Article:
After thirty years, experts in child brain development no longer recommend discipline that includes punishments like shaming and blaming - presumably, indicative of time outs. For the first time, the Canadian Paediatric Society (CPS), in a new position statement, is asking all primary care practitioners to encourage positive parenting.
It is a parenting philosophy developed by psychiatrists, Alfred Adler and Rudolf Dreikurs, and recently championed by Dr. Jane Nelson Ed.D. in her series of books elevating its popularity. Its premise highlights mutual respect and positive instruction.
What sets positive tools apart from punitive discipline is the way in which they are presented to a child, coupled with the intent of the parent in using the tools. Time in is the new time out, also dubbed, positive time out, is a powerful strategy gaining monumental regard as a progressive alternative.
Positive parenting focuses on learning, which influences the future rather than punishment which is relevant to the past. The Positive parenting tool, notably time in, is when a child that is having a difficult moment is kindly invited to sit somewhere, near a parent to express their feelings and eventually gain control. It is an opportunity for both parent and children to talk about the real issue at hand. In essence, it gives a child time to properly process a range of feelings.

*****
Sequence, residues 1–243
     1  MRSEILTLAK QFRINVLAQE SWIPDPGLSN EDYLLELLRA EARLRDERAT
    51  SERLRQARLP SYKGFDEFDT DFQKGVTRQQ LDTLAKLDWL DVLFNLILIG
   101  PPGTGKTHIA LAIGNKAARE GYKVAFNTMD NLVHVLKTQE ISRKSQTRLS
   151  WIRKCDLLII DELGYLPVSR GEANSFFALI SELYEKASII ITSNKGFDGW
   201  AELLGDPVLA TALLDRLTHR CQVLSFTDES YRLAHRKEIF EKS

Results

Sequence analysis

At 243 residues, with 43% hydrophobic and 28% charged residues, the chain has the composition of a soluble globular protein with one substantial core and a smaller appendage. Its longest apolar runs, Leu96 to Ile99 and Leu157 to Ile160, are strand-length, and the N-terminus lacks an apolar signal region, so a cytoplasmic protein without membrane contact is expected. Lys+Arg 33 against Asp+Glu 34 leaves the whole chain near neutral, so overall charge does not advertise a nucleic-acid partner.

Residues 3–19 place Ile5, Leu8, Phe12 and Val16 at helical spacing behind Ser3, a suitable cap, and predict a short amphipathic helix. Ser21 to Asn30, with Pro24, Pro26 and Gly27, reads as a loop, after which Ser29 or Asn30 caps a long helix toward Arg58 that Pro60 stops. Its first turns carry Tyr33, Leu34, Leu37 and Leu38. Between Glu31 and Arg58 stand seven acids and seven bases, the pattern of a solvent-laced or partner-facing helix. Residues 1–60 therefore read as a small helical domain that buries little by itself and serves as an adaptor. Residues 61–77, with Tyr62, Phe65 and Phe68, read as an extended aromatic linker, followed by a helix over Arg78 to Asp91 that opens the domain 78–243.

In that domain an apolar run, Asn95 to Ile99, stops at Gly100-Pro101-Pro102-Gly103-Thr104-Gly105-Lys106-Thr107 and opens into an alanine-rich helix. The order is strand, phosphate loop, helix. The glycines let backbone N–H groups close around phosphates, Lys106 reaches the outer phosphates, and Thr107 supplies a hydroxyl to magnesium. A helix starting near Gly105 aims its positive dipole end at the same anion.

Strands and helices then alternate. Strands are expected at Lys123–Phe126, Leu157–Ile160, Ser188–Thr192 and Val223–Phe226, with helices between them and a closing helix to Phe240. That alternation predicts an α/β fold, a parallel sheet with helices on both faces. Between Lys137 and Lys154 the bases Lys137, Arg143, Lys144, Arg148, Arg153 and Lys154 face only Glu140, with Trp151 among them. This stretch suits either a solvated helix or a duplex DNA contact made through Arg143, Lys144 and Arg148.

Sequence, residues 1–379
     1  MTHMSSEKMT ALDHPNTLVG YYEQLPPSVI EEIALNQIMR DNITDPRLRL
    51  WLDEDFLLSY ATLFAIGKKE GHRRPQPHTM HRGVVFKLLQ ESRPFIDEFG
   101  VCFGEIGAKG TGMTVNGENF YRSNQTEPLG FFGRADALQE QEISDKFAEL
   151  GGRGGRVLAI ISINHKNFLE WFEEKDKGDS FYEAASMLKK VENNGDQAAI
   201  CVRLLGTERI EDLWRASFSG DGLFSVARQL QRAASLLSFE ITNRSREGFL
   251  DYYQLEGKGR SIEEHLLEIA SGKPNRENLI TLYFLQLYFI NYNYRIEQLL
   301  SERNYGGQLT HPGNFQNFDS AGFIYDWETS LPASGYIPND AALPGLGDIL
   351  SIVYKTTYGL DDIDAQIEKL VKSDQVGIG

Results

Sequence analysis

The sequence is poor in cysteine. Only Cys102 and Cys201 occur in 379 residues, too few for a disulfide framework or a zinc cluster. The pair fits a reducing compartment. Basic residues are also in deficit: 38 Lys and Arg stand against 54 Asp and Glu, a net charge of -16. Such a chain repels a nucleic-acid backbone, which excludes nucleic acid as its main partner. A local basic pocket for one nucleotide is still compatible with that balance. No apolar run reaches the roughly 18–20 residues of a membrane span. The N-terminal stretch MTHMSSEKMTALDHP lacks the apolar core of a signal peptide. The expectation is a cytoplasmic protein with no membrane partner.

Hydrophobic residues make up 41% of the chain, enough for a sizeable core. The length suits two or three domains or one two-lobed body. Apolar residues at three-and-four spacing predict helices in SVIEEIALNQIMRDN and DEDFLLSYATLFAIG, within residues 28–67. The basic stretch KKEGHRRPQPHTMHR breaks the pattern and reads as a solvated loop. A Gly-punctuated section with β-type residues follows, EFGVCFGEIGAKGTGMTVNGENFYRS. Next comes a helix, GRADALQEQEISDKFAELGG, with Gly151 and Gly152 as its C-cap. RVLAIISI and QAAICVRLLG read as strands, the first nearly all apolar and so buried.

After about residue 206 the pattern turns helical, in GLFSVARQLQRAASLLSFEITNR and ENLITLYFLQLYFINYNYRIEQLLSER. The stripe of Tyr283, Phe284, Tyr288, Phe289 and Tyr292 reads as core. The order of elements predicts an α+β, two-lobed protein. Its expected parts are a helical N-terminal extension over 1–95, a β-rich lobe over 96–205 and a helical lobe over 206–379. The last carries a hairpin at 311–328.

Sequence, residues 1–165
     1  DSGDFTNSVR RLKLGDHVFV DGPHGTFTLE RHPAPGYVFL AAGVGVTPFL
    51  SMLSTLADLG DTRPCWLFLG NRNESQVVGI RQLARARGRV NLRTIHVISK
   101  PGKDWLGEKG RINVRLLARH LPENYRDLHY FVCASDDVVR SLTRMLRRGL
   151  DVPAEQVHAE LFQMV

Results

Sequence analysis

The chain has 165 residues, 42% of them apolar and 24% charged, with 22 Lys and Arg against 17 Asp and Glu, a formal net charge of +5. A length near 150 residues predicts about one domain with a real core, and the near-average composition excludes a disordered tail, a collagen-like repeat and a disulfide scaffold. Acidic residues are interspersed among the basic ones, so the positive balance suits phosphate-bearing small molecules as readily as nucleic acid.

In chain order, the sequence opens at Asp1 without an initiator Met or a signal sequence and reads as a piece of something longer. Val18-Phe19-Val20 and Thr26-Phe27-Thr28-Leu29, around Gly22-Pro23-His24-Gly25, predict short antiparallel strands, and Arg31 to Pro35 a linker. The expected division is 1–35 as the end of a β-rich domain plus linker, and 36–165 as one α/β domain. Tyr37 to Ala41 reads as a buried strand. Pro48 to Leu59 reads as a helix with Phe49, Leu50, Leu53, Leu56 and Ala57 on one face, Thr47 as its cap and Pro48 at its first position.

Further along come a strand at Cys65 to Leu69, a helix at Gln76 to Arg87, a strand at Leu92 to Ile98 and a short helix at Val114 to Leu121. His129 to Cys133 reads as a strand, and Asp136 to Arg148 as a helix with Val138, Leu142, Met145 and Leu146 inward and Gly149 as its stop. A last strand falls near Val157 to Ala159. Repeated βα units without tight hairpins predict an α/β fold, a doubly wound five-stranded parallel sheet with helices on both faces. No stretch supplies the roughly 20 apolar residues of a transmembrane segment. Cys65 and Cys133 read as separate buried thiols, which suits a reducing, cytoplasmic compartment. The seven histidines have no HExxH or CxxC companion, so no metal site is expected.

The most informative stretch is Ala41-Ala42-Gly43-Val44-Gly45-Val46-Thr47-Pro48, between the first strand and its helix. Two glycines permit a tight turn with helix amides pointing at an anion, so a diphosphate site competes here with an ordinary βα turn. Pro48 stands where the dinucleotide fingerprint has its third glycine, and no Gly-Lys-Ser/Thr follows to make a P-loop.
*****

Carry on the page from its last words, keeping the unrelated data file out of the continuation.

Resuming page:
It’s surmised that time outs do not help children regulate their emotions. Currently, medical professionals are making the shift toward helping parents distinguish that what they perceive as a young child misbehaving is more often a way for them to communicate, "I can't handle things right now. I need your help." Young children do not have enough development in the prefrontal cortex for reason to trump emotion and follow rules.
It’s imperative that when a child is struggling most, they should not be sent away to time out. It creates feelings of isolation, shame, and fear. Keeping a child at a distance often leads to a power struggle while trying to keep a child in time out.
A study done by the National Institute of Mental Health found that time outs are a temporary solution in terms of getting a child to cooperate. The children misbehaved more than children who weren’t disciplined with timeouts, even when their mothers took the time to talk with them afterward. Michael Chapman and Carolyn Zahn-Waxler, the authors of the study, concluded that the children were reacting to the perceived “love withdrawal” by misbehaving more.
The foundation of positive parenting emphasizes guidance and a caring presence when a child is struggling, more so than ever as children need love most when they appear to deserve it least, according to to Pam Leo, author of Connection Parenting.